Sunday, 31 July 2022

so we spin (10. 029)

Published in part at the link, we enjoyed this introduction to the graphic design portfolio of Elinor and Joe Selame in their 1971 data-visualisation (see also here and here) volume that poses the question whether one is a wheel or a cog and demonstrates the discipline’s commitment to limning socio-economic realities and communicating an class and ethnographic truth. Widening inequalities create a thesis and antithesis that can be convey clearly in a family of symbols, which not only project and reflect society, the technique can also help one to understand one’s role within the context of community. More at Print Magazine at the link above.

u is for undine pursuing ulyssess and umberto, who fee her damp, death-dealing kisses (10. 028)

Via Nag on the Lake’s always excellent Sunday Links (lots more to see there), we are directed towards a concise, antique abecedarium (previously) of celebrities of 1899—most of whom are recognisable and accessible to modern audiences—with rhyming verses that gently lampoon fin de siècle poets, authors composers and politicians paired with figures from Antiquity. There’s no context really for this tightly rhymed (Q, V and X are done well) and nicely illustrated work by Oliver Herford that tosses together historic and contemporary personages in a bizarre manner but no matter. Columbus, who tries to explain how to balance an egg—to the utter disdain of Confucius, Carlyle, Cleopatra, and Cain.

8x8 (10. 027)

ògógóró: decolonising a West African palm sap spirit that unfairly unearned the reputation of a cheap gin substitute  

new delay for dover-calais tunnel likely: fleshing out the NYT headlines Stanley Kubrick had mocked up for 2001—via Waxy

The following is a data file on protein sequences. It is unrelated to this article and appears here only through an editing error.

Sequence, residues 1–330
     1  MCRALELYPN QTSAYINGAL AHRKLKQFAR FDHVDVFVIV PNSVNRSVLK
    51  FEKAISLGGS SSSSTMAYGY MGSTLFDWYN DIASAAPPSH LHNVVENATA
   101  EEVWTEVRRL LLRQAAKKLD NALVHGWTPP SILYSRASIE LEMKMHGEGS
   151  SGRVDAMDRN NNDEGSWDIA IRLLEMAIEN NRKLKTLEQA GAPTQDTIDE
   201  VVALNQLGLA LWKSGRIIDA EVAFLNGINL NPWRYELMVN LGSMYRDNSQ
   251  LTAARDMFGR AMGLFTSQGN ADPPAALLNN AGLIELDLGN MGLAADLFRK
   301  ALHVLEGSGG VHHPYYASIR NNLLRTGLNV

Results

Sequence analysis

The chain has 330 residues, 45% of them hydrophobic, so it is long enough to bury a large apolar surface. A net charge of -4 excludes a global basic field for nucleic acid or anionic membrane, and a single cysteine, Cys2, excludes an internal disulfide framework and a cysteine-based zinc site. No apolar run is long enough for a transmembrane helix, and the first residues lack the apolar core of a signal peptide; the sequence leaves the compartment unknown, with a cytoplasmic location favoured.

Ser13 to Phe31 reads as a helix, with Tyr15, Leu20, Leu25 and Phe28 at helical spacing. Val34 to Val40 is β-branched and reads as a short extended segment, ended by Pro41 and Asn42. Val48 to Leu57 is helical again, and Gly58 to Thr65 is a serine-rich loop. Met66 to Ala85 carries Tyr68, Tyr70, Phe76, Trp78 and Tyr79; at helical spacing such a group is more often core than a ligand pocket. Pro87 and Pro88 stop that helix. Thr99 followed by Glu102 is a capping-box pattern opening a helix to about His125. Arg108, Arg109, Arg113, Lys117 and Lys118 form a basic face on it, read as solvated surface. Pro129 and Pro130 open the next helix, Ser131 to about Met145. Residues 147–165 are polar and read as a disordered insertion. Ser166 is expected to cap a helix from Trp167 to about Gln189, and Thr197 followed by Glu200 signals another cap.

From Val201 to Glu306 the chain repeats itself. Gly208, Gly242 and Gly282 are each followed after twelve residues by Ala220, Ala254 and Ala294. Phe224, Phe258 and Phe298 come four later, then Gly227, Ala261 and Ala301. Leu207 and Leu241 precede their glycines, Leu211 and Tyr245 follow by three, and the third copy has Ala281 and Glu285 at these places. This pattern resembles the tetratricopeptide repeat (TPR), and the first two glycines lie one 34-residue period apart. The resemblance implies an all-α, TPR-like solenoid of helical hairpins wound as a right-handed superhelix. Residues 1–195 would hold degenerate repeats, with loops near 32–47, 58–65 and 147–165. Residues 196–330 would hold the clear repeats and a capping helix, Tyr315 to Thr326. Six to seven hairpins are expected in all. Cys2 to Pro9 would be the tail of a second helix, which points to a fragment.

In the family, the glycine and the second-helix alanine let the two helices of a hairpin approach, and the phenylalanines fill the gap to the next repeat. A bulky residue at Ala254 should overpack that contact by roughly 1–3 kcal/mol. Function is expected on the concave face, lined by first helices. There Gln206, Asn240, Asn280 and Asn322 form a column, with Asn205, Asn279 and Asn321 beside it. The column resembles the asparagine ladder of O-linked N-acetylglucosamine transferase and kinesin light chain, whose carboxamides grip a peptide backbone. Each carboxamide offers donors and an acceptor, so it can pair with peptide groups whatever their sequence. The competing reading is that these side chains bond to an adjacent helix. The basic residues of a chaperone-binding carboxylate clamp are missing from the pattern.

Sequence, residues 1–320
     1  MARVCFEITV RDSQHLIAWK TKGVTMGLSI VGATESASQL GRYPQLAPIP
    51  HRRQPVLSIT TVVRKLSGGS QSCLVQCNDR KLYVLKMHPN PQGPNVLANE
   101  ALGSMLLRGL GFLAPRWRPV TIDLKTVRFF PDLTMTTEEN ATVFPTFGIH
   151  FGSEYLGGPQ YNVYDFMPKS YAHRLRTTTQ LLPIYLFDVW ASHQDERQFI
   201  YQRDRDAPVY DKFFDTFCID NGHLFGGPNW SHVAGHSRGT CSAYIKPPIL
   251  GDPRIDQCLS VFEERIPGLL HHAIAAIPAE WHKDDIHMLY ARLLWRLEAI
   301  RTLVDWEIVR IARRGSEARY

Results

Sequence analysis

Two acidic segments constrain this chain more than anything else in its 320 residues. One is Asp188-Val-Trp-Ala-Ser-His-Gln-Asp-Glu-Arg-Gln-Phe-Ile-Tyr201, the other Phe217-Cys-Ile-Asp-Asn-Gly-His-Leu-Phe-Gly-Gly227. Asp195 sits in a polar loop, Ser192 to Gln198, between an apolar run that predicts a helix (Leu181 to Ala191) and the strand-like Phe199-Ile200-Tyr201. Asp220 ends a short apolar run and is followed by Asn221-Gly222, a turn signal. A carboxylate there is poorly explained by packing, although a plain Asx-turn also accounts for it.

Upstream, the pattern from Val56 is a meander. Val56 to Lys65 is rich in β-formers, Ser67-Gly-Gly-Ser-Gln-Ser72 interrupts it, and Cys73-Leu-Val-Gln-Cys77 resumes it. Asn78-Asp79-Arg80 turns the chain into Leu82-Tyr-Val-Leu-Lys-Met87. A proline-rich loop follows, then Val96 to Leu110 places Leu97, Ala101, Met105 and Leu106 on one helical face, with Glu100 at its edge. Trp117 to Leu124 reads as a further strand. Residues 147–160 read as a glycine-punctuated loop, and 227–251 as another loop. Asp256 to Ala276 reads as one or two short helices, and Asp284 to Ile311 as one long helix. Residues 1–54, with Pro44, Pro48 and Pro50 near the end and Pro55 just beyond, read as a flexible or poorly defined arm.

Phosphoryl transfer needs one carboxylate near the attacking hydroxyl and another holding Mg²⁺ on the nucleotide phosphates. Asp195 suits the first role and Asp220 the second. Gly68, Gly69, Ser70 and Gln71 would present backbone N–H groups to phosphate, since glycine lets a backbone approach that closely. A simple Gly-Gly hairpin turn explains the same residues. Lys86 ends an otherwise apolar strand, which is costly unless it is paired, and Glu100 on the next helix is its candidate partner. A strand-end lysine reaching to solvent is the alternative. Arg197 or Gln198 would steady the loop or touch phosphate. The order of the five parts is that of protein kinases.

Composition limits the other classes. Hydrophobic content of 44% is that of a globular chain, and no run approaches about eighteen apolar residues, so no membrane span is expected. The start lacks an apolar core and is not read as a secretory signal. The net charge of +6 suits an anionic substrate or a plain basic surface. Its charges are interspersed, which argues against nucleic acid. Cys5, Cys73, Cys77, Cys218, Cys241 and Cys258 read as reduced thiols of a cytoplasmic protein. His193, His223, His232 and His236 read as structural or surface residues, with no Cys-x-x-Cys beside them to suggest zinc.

smaller footprint: updates on NEOM—the planned vertical skyscaper of Saudi Arabia  

hysterical urbanism: a counterpoint to the above—with several historical antecedents  

brominated vegetable oil: EU and Japan bans Mountain Dew and Fresca for ingredients that contribute to memory loss  

we intend to cause havoc: Andrew McGranahan’s psychedelic posters for Paul McCartney’s 2022 gigs and tours  

odonymy: an ongoing project revealing the origin of street names in Los Angeles—via Web Curios

mensascran: comparative studies of university and business cafeterias and canteens around the world—see also—via ibīdem

i’m thrown and overblown with bliss (10. 026)

The follow-up single from their fifth studio album, Be Yourself Tonight—featuring a harmonica interlude by Stevie Wonder (previously)—the Eurythmics’ “There Must Be an Angel (Playing with My Heart)” charted at number one in the US for the first time on this day in 1985. Surprisingly the British duo’s only such achievement in America and the UK, it was an international success and inspired several cover versions. Featuring themes inspired by USO tours and World War II R&R programmes, the accompanying music video (created some six years later) was filmed in Berlin-Spandau’s Gatow Airfield.